• Which bank (for safety, ease of access/transfer, and interest rate)?
  • How to convert EUR to GBP with minimum transaction costs?
  • How much could one expect to pay/lose on amounts of several k EUR to several hundred k EUR?

Are you seriously considering putting your money into GBP as a flight to safety?! I think you need to do some reading about the state of the British economy, and the inevitable money printing that they will do to dig themselves out of their situation.

If you are happy with getting a yield of approx 5% per year then you can’t go wrong with good solid multinational stocks. Coca-Cola, Pfizer, Procter & Gamble, General Electric, Kraft, Johnson & Johnson etc etc. Or if you really want diversification then just buy shares in Berkshire Hathaway.

Having said that, there is nothing to stop these stocks falling 50% over the next few years. However if you are happy with a 5% real return over the long term then you needn’t worry about what price your fellow shareholders are dumping their shares on the market.

If you really need access to the money over the next 5 years then you should diversify into cash, gold, shares to try to protect yourself. Otherwise just stop your messing with trying to find a safe place for your money. Share certificates are very safe, and pretty much guaranteed to keep their value over the long run.

Uh, you’re asking me do I know about GBP, and you’re advising buying shares?? I have pension invested in equities and it has a negative return over 10 years. If that’s not “the long term” then we’re not on the same wavelength. The days of share investing as a reasonably safe bet are over for the time being. Yes, I know the Brits are in trouble. A steady decline in value of GBP due to inflationary money printing could be the lesser of two evils compared to what might happen to EUR.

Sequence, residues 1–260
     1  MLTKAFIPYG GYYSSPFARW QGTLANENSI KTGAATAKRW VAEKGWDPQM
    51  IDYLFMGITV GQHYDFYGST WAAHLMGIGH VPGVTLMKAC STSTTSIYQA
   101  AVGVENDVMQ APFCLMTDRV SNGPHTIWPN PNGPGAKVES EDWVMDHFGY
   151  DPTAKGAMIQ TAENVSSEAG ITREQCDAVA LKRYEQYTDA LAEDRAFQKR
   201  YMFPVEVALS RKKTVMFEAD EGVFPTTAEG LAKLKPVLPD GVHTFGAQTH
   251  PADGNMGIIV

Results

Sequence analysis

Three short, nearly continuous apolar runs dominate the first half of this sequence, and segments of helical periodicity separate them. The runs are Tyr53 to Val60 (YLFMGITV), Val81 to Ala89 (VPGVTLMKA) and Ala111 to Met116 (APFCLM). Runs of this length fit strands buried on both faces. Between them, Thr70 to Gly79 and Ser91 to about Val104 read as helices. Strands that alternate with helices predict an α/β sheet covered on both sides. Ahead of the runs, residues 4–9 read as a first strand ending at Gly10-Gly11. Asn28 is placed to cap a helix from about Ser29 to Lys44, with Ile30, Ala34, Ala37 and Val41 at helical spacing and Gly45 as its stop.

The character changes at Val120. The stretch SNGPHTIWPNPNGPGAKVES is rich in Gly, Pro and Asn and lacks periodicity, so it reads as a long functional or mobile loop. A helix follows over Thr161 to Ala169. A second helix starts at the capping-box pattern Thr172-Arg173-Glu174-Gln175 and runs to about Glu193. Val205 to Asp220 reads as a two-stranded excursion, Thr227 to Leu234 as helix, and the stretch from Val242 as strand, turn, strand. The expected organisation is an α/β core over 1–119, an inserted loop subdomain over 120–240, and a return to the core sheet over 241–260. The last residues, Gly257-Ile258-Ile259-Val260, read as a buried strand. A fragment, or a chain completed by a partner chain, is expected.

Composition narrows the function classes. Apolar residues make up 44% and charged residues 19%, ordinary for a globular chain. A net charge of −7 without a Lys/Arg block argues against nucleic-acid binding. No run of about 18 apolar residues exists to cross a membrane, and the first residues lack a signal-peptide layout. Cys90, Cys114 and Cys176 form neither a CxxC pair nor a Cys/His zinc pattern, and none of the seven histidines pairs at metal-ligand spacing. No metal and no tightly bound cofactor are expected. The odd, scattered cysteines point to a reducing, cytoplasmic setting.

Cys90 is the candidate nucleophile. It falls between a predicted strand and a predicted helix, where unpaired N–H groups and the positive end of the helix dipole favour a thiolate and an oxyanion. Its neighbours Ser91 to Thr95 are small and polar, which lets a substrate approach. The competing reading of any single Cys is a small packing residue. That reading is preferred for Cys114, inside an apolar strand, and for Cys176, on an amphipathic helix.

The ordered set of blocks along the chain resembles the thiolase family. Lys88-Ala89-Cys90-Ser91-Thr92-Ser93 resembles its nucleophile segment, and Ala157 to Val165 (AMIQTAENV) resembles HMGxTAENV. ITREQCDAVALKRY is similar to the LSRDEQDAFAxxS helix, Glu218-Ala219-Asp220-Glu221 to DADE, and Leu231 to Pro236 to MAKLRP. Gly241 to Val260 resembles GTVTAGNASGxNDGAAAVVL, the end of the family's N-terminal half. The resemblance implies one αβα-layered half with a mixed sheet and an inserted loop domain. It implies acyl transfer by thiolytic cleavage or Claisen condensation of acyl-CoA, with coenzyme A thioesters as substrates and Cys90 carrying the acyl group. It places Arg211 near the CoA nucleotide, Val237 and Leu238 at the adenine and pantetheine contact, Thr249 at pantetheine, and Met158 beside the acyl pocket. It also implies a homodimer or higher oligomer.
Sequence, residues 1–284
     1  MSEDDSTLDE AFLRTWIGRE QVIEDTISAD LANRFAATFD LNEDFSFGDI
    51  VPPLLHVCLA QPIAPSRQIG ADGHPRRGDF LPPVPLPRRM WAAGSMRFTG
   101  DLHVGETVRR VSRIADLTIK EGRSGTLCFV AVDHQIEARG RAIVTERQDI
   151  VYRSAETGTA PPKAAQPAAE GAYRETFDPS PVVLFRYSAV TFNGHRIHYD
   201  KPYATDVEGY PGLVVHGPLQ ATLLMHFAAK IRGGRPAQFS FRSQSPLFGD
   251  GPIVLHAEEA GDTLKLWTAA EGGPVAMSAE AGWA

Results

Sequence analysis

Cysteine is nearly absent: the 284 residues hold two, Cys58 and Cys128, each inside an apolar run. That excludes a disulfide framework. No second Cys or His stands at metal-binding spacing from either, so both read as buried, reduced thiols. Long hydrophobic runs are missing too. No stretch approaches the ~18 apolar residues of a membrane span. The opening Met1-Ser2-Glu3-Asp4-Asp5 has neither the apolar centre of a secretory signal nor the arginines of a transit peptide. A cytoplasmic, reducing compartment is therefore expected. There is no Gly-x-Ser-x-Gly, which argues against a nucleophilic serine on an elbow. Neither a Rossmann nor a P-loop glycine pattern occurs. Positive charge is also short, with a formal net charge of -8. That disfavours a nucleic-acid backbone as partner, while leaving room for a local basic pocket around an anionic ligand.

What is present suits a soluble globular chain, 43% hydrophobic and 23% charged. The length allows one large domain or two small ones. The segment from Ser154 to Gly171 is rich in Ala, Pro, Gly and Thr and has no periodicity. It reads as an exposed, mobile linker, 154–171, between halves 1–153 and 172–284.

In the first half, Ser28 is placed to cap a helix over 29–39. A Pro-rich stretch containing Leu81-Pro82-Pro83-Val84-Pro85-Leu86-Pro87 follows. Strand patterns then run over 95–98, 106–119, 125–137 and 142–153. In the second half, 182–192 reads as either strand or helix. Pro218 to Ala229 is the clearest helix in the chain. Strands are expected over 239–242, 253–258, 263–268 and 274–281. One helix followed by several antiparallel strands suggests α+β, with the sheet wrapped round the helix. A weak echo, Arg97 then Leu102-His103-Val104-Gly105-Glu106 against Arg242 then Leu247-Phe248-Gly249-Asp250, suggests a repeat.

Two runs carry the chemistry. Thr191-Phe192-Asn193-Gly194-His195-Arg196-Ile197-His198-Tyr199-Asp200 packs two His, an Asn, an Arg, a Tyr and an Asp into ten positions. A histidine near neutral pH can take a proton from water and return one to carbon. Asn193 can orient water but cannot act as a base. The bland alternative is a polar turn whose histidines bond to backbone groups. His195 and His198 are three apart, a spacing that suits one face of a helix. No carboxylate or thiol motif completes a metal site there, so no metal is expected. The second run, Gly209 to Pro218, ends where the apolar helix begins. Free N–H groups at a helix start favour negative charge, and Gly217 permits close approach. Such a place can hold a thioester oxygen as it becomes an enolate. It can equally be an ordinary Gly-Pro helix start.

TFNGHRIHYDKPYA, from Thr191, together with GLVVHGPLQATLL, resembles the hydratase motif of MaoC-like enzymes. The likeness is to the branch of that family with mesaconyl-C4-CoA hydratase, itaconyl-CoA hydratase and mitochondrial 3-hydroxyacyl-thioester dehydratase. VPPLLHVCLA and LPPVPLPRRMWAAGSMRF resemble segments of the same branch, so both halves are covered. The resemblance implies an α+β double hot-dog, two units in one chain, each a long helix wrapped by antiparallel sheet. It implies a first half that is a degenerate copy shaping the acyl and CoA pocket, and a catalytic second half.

Was your pension invested in “good solid multinational stocks” yielding 5% as per my post above? No, I didn’t think so. Meanwhile, if you had invested in Berkshire Hathaway ten years ago you would have been up 50% by now. Works out at about 4% per annum, not great but then again it was relatively expensive in 2001, as were the vast majority of stocks.

The whole point of investing should be to plan for your retirement. You have excess wealth now, so you put it aside now to spend later. 10 years is too short a term to be looking at - unless of course you plan on retiring before then.

And as an aside, you want to invest in things that are cheap - so you should be much more likely to invest in stocks if they have underperformed for a decade. Buy low, sell high.

Ok. I should’ve bought well performing stocks ten years ago. Check. :unamused:

Can anyone else help with my questions about Sterling?

I have an Ulster Bank account both north and south.
I used when buying sterling.
When the euro was at .885, Ulster Bank offered .865 and BlueFX offered .875. (approximately)
All charges etc were included in the rate.

Opening an A/C was pretty easy.
You agree a rate over the phone or by email.
You transfer money to BlueFX A/C.
They transfer money to your Northern A/C.

All very simple and straightforward.

You can get a decent rate from an FX broker, I use Currency Solutions in the UK. Others have been suggested here.

Isn’t the Fed supposed to be the main buyer of stocks since the Flash Crash? Doesnt inspire confidence.

My company Northern Trust, good solid multinational, was ranging between 45-55 since the crisis began. Recently it took a dive to 35, wouldnt like to have bought those solid stocks. Unfortunately I did tho through the employee share scheme.